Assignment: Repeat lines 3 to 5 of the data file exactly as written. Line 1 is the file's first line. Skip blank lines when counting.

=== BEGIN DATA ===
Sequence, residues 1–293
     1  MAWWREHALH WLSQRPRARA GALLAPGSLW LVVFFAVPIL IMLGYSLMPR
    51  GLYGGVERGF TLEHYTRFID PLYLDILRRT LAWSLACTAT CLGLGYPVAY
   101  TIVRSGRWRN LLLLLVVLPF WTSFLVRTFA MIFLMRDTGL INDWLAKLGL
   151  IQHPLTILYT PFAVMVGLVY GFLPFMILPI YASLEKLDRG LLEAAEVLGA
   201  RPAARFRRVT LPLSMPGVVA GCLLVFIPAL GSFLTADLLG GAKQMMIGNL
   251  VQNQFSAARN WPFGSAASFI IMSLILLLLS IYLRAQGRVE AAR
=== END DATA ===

    51  GLYGGVERGF TLEHYTRFID PLYLDILRRT LAWSLACTAT CLGLGYPVAY
   101  TIVRSGRWRN LLLLLVVLPF WTSFLVRTFA MIFLMRDTGL INDWLAKLGL
   151  IQHPLTILYT PFAVMVGLVY GFLPFMILPI YASLEKLDRG LLEAAEVLGA